Corey Ford's "Lower Forty Club"
Corey Ford was one of Earl’s most prominent patrons. He was a professor at Dartmouth College and a prolific writer, well known for his special hunting stories in "Field and Stream". His work was also found in "The New Yorker", "Saturday Evening Post" and "Readers' Digest". He wrote several stories about the dogs bred and trained by Earl Twombly, including “Yankee Dog in Dixie”, “Every Dog should own a Man”, “A Dog Named Cider”, and “The Road to Tinkhamtown”. Corey’s life with his Twombly Setters, his friends “Cousin Sid" Hayward and "Doc" Hall along with their Twombly dogs, Bucky and Timber, also inspired the “Minutes of the Lower Forty” books and regular monthly series in Field and Stream during the 1950s and 60s.
Video of Corey Ford's "The Road to Tinkhamtown"
For a real treat, please watch this 12 minute video with our dog Earl's Coronation as Corey's beloved "Cider" in The Road to Tinkhamtown, perhaps the greatest sporting dog story ever written.
Laurie Bogart Wiles, John Wiles, Dez Young and our Earl collaborated to make this video near Tinkhamtown; in and around Freedom, NH., where Corey lived, hunted, and shared his life with his English Setters.
Our Twombly Setter Earl makes Corey's great story of life and the human-dog connection come alive.
April 5 - Tober arrived at the kennel for summer training
Oct. 3 - Corey came up to see Tober go - went to field at 2:30, had 3 birds out. Worked cover away from bird field, started 2 grouse, no shots for Corey.
Went down toward water house then across meadow into bird field - got 3 good points, Corey killed first 2 birds and Tober retrieved, then let one of the boys shoot on 3rd bird and he missed. Corey was very pleased with everything and Tober never worked or showed up better.”
Oct. 21 - Rec’d check from Corey ...Also a good letter saying Tober is doing just fine, has pointed both woodcock and partridge. What pleasant news to have a pup you have worked hard on, come thru and prove good in the hands of his owner. Looks now as if Tober could take Cider’s place for Corey and this sure gives me a lot of satisfaction.”
From Earl Twombly's training journal in 1959
Earl Twombly with Corey Ford and Tober, training with quail in Vermont.
Corey Ford, Tober, John Borden, and Jewell (Tober's daughter) partridge hunting in New Hampshire.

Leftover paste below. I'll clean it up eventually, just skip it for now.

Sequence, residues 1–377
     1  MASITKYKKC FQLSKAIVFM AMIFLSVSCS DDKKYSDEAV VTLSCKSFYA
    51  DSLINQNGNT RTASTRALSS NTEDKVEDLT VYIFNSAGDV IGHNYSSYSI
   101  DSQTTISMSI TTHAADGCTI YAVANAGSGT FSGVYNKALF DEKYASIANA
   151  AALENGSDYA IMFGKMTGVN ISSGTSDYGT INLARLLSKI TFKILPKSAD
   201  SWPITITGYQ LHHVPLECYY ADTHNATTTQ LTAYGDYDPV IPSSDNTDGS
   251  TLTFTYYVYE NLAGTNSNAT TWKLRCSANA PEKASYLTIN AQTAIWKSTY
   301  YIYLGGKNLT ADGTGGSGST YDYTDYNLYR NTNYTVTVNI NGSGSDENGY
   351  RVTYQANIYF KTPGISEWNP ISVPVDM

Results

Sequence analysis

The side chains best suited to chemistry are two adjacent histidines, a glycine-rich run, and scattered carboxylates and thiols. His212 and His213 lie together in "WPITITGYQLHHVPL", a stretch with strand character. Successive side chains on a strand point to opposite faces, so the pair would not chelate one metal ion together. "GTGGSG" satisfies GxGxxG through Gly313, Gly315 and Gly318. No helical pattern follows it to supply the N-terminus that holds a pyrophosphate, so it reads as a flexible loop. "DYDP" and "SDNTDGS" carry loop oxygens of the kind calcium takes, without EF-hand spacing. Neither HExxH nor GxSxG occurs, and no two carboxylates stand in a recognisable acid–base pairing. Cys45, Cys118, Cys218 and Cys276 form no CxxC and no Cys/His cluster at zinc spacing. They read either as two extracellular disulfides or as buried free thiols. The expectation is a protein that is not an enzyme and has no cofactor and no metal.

Corey Ford with Cider,
Sid Hayward with Bucky, both Twombly Setters
From Corey Ford's “Yankee Dog in Dixie”:
“It was not the easiest hunting. There were tangles of honeysuckle and cat-briars that coiled around our legs as we walked, like spaghetti winding onto a fork; several times Tober got completely hung up. Cockleburs loaded his ears and feathered legs and tail, pinching his coat into little tufts until he resembled a lady with her hair in curlers. The lean southern pointers could slip unharmed through the brambles, but Tober's face was soon bloody. With Yankee prudence, he trotted up and down in front of the thicket as though he were looking for a gate in a barbed-wire fence....
...A bird-dog is a bird-dog, set him down where you will. He found out how to negotiate the brambles, he learned to work the open cover, and presently on the far side of a stubble-field, I heard the guide shout "Point!" and I hurried across the uneven furrows, past the three southern pointers halted in a line, toward my big Yankee setter standing motionless in front of them. I can close my eyes now and see it again...
Best of all, he was scrupulous about honoring the points of the other dogs. I like to think that manners are born in a dog, inherited from a long line of well-bred ancestors. We were visiting the Calloway Gardens Hunting Preserve at Pine Mountain in Georgia and our guide, Henry Koone, had brought two local pointers to work with Tober. I dropped a bird on a covey
rise, and Tober picked it up to bring back to me. A jealous female ran to him and snatched the bird out of his mouth. Tober surrendered it to her with perfect courtesy, and went over and pointed another. Henry shook his head in appreciation.
“I’ll tell you wha's a fact,” he said. “That’s a northern gentleman.”